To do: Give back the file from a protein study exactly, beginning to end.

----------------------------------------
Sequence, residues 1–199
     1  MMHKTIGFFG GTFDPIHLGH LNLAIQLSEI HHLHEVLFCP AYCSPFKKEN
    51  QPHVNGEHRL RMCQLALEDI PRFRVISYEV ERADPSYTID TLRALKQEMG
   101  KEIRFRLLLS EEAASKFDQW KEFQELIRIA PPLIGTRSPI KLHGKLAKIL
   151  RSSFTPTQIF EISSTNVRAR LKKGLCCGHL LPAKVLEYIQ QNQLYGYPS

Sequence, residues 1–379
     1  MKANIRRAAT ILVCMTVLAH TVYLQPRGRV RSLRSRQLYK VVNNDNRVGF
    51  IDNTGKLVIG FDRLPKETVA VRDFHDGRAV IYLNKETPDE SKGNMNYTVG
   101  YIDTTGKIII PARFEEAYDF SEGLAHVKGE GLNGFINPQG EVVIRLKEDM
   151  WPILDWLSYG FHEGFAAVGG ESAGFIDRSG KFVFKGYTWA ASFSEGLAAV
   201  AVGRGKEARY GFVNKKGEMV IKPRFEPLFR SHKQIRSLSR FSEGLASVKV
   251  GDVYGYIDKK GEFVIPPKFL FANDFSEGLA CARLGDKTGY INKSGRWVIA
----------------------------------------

Sequence, residues 1–199
     1  MMHKTIGFFG GTFDPIHLGH LNLAIQLSEI HHLHEVLFCP AYCSPFKKEN
    51  QPHVNGEHRL RMCQLALEDI PRFRVISYEV ERADPSYTID TLRALKQEMG
   101  KEIRFRLLLS EEAASKFDQW KEFQELIRIA PPLIGTRSPI KLHGKLAKIL
   151  RSSFTPTQIF EISSTNVRAR LKKGLCCGHL LPAKVLEYIQ QNQLYGYPS

Sequence, residues 1–379
     1  MKANIRRAAT ILVCMTVLAH TVYLQPRGRV RSLRSRQLYK VVNNDNRVGF
    51  IDNTGKLVIG FDRLPKETVA VRDFHDGRAV IYLNKETPDE SKGNMNYTVG
   101  YIDTTGKIII PARFEEAYDF SEGLAHVKGE GLNGFINPQG EVVIRLKEDM
   151  WPILDWLSYG FHEGFAAVGG ESAGFIDRSG KFVFKGYTWA ASFSEGLAAV
   201  AVGRGKEARY GFVNKKGEMV IKPRFEPLFR SHKQIRSLSR FSEGLASVKV
   251  GDVYGYIDKK GEFVIPPKFL FANDFSEGLA CARLGDKTGY INKSGRWVIA